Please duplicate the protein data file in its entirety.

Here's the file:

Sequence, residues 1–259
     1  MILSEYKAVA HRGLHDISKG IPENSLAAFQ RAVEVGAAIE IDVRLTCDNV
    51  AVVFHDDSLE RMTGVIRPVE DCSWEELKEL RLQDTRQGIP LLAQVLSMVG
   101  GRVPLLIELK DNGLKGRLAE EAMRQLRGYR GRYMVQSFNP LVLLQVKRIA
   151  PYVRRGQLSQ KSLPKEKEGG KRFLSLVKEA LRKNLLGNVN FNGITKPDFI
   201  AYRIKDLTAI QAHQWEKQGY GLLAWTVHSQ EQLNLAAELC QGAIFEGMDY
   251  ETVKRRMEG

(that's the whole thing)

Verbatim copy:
Sequence, residues 1–259
     1  MILSEYKAVA HRGLHDISKG IPENSLAAFQ RAVEVGAAIE IDVRLTCDNV
    51  AVVFHDDSLE RMTGVIRPVE DCSWEELKEL RLQDTRQGIP LLAQVLSMVG
   101  GRVPLLIELK DNGLKGRLAE EAMRQLRGYR GRYMVQSFNP LVLLQVKRIA
   151  PYVRRGQLSQ KSLPKEKEGG KRFLSLVKEA LRKNLLGNVN FNGITKPDFI
   201  AYRIKDLTAI QAHQWEKQGY GLLAWTVHSQ EQLNLAAELC QGAIFEGMDY
   251  ETVKRRMEG